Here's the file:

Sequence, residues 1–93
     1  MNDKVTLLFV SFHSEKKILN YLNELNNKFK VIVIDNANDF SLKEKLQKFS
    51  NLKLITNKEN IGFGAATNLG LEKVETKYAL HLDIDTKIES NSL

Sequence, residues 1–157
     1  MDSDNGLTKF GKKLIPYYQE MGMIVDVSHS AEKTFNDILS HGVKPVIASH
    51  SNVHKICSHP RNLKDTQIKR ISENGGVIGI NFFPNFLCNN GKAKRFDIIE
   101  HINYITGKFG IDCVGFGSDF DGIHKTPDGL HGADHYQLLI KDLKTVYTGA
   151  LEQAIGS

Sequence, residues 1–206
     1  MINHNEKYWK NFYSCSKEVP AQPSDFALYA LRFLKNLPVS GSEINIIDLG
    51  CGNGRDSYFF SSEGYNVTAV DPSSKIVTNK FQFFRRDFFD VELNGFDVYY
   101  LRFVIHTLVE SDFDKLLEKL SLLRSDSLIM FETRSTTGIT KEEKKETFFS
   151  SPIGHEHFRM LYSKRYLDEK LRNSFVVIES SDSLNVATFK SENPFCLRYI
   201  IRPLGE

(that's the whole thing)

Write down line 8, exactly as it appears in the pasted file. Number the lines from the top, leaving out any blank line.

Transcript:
   151  LEQAIGS